“I am inevitable” – Earth Day means the whole earth, growing energy consumption and all
Ah, Earth Day. I think I was supposed to turn out the lights or something. Oops. On the plus side, I didn’t dump a load of chemicals in a river or start an energy-sucking crpyto-currency. But on the other hand, the words of Thanos seemed more appropriate than anything, with respect to the rise of energy demand.
But of course I did think about the environment, and what 7.8 billion people are doing to it. Earth Day is cool in concept, well worth supporting, if the focus was as it used to be – cleaning up pollution, picking up garbage, reforesting, or doing anything that helps restore natural habitats where possible. It’s a balancing act though. All those people are striving for a better life, one like we in the west enjoy. So the political haranguing tone that Earth Day has taken on needs to be put in context.
So this year, here’s an Earth Day idea. Here’s some voices from around the world that don’t get heard properly.
Setting the backdrop for Earth Day, the International Energy Agency issued a report stating that global emissions were expected to rise, largely a result of more coal being burned. The IEA called it a ‘dire warning’ – that is, a dire warning that the UN won’t meet its emissions/temperature goals.
Dire? Well, here’s some other perspectives from around the Earth. The word ‘dire’ has different meaning depending on the quality of shoes you happen to be standing in (and the word is quite profound when you have none).
Here is one perspective from Reuters (via BOE Report), an oddly sensible commentary from a site (Reuters) that has gone full-tilt climate alarm: “…the rhetorical priority on reducing emissions can often sound like a call to put climate change ahead of other development goals, postponing solutions to other problems until climate change has been tackled…In reality, that sounds selfish, unfair, and politically impractical to many policymakers from developing countries, who must be sensitive to other objectives as well.” The author, John Kemp, continues, “Residents of advanced economies enjoy more heating, cooling and lighting services; travel further and more frequently, for pleasure as well as work; and consume more energy embedded in goods and services…If they are to achieve the other 16 sustainable development goals and increase their incomes and living standards, residents of developing economies will also need to consume more energy.”
Here’s another, and this also from what is normally a climate-activist source (Nature). In an article entitled “Blanket bans on fossil-fuel funds will entrench poverty”, author Vijaya Ramachandran says, with respect to Africa, “Natural gas also offers the best way to modernize food production and transport…It would be the height of climate injustice to impose restrictions on the nations most in need of modern infrastructure and least responsible for the world’s climate challenges.”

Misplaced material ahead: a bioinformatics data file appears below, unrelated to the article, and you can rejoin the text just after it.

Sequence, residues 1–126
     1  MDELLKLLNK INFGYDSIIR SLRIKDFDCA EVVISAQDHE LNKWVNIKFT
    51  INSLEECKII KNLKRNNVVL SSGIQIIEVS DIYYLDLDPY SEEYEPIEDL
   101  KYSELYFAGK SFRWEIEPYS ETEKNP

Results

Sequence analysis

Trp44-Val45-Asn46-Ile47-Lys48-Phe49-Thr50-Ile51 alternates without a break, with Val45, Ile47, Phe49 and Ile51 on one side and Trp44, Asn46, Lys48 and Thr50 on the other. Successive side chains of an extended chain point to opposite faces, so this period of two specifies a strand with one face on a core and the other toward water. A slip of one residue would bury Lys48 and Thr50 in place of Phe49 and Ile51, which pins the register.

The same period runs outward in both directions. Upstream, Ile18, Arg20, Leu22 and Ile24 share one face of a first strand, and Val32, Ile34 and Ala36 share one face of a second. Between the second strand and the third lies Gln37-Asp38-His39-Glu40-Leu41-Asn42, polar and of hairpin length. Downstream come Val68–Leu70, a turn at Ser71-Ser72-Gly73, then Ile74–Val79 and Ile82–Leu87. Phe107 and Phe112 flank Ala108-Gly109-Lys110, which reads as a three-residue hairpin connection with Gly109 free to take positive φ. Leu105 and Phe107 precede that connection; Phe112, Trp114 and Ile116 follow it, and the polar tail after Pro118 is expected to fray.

Let’s pop over to India for a second for this valuable earthly viewpoint. In “An Open Letter to John Kerry from People living in Energy Poverty”, author Vijay Jayaraj states: “Thankfully, India, like China, and a few other developing nations, understood that energy poverty can only be alleviated through embracing abundant and affordable energy resources—both domestically and from foreign shores. Hence, India muscled its way through in its fight against energy poverty. Coal, oil, and gas together alleviated energy poverty…much of the success that you enjoy in the U.S was made possible only because of coal and oil. And in recent years, natural gas has helped your economy reduce dependency on energy imports. We’re every bit as human as you and your fellow Americans. So, why should we be starved of the same energy sources you have enjoyed for two centuries—and still do?…You are asking poor Indian families to forgo oil and gas, but you don’t embrace the climate gospel you are preaching. How is it okay for my people to go back into an era of power blackouts when you can fly your oil-guzzling private jet to Iceland to accept an award—and call it “only choice for somebody like me.” Please, Mr. Kerry, leave the developing countries alone. If you cannot help us, do not hurt us by preaching the climate gospel.”
There you go, everyone. Some food for thought around Earth Day. To be sure: Cleaning it up is critical. Let’s get rid of pollution where we can, let’s clean up rivers and oceans, let’s fight like hell against contamination, wasteful habitat destruction, and unnecessary/unwise uses of our precious resources.
The development is inevitable. Earth Day is about minimizing our footprint, but not denying that reality.
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